Cyberbullying: How to keep safe online and deal with it


The charity Childline says it has seen a rise in the number of children contacting it with concerns about online bullying.

It saw 4,507 cases of cyberbullying in 2012-13, up from 2,410 in 2011-12.

The charity also saw a rise in concerns about self-harming, while depression and difficult family relationships were the top reasons for seeking help.

For the first time in the charity's history, more counselling took place online (59%) than by telephone (41%).

Peter Wanless, chief executive of the NSPCC charity which runs Childline, said: "The issues facing children today are very different from those that faced us as children.

"Stranger danger, for example, rarely comes up in contacts to Childline but depression, self-harm, online bullying and even suicide contacts are increasing exponentially.

"If we are to help young people we need to listen to what they are telling us about the issues they are facing."

Tips for staying safe online

  • Don't post personal information online, like your address, your email address or mobile number. Keep personal information as general as possible.
  • Never let anyone have access to your passwords. Check the privacy settings on accounts like Facebook/Twitter and make sure you know how to keep your personal information private.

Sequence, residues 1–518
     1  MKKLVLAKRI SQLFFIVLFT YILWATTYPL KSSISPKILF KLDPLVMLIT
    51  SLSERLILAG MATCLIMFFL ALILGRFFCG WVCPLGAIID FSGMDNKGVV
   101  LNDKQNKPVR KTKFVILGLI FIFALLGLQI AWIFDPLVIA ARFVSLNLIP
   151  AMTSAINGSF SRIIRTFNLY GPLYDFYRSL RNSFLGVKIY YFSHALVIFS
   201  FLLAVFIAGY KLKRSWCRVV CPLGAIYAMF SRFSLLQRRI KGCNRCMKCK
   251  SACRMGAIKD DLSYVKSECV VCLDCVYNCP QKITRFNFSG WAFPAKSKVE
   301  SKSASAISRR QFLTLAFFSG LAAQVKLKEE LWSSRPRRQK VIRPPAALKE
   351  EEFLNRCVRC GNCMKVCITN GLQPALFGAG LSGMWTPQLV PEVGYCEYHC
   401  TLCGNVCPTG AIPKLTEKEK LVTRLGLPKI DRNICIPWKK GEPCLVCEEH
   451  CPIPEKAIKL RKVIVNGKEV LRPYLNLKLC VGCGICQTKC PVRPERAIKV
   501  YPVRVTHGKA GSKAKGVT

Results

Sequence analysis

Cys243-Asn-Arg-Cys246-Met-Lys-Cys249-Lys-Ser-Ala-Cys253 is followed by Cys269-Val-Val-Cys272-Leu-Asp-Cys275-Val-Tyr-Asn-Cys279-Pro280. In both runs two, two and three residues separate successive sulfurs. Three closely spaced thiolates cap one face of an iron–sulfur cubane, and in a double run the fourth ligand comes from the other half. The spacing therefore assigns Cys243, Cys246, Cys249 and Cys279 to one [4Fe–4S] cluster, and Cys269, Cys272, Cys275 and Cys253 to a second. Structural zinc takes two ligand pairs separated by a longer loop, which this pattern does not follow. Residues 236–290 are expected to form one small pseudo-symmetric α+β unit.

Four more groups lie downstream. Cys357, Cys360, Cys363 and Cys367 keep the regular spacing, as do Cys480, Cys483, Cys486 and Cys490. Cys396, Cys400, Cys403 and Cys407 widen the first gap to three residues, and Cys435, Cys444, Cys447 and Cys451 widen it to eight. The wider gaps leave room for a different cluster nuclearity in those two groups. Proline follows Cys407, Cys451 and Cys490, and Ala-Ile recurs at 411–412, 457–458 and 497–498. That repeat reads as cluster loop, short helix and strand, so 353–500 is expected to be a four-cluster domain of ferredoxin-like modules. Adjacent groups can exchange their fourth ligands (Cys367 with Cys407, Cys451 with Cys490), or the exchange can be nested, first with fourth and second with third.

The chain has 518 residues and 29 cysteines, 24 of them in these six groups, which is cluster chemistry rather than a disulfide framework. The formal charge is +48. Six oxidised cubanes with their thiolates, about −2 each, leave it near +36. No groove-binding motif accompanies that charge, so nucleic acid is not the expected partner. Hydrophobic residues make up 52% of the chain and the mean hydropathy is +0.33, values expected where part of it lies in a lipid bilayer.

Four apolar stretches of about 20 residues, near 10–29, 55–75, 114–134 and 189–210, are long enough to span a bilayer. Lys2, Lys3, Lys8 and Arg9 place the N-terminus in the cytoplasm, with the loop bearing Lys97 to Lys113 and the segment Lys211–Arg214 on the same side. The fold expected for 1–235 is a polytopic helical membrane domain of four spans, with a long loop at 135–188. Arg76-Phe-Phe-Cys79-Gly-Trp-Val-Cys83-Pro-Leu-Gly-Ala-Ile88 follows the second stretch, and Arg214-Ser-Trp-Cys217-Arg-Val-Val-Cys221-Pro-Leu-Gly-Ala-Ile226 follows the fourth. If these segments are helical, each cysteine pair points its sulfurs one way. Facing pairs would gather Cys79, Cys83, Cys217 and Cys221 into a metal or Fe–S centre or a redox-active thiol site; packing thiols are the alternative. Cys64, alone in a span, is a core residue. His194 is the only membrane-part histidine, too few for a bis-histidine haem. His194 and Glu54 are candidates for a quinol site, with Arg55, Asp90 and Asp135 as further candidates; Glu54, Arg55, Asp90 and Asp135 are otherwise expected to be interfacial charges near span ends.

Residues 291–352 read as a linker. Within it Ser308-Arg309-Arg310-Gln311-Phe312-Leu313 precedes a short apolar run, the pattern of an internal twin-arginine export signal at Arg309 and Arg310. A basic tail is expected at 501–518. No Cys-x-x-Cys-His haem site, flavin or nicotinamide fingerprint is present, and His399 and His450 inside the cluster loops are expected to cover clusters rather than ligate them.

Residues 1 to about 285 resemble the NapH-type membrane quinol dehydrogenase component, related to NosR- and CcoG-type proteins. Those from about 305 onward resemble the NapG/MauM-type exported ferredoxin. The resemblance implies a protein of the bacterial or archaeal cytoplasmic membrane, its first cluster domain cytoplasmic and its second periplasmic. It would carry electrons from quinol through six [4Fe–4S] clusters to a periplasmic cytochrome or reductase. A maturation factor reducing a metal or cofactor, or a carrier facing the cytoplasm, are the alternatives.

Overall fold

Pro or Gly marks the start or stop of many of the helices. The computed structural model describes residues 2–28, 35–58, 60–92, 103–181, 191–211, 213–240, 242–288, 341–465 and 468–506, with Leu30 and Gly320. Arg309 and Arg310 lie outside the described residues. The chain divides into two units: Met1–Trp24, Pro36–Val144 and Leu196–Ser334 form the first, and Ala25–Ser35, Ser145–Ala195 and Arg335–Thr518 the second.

• Change passwords regularly.
  • Think very carefully before posting photos of yourself online. Once your picture is online, anyone can download it and share it or even change it.
  • Never respond or retaliate to negative posts.
  • Block any users that send you nasty messages on social media sites.
  • Never reveal your real name, your friends' names, where you go to school or your place of work.
  • Don't open emails, downloads or attachments from people you don't know or trust as they could contain a computer virus or unwanted messages.
  • Block spam emails and delete them.

Some ways of dealing with cyberbullying

  • Block the bully's email address, phone number and delete them from social media contacts. Report their activities to their internet service provider (ISP) or to any websites they use to target you.
  • Never respond or retaliate, this can just make things worse. It might be difficult, but try to ignore the bullies.
  • Get help. Talk to a parent, teacher, counsellor or other trusted adult.
  • Make a note of the dates and times of bullying messages, along with any details you have about the sender's ID and the URL.
  • Don't pass on cyberbullying videos or messages.
  • If you're being bullied repeatedly, think about changing your user ID, nickname or profile.
  • Don't ignore it. If you see cyberbullying going on, report it and offer your support.

Childline can be contacted on 0800 1111 or online at ChildLine

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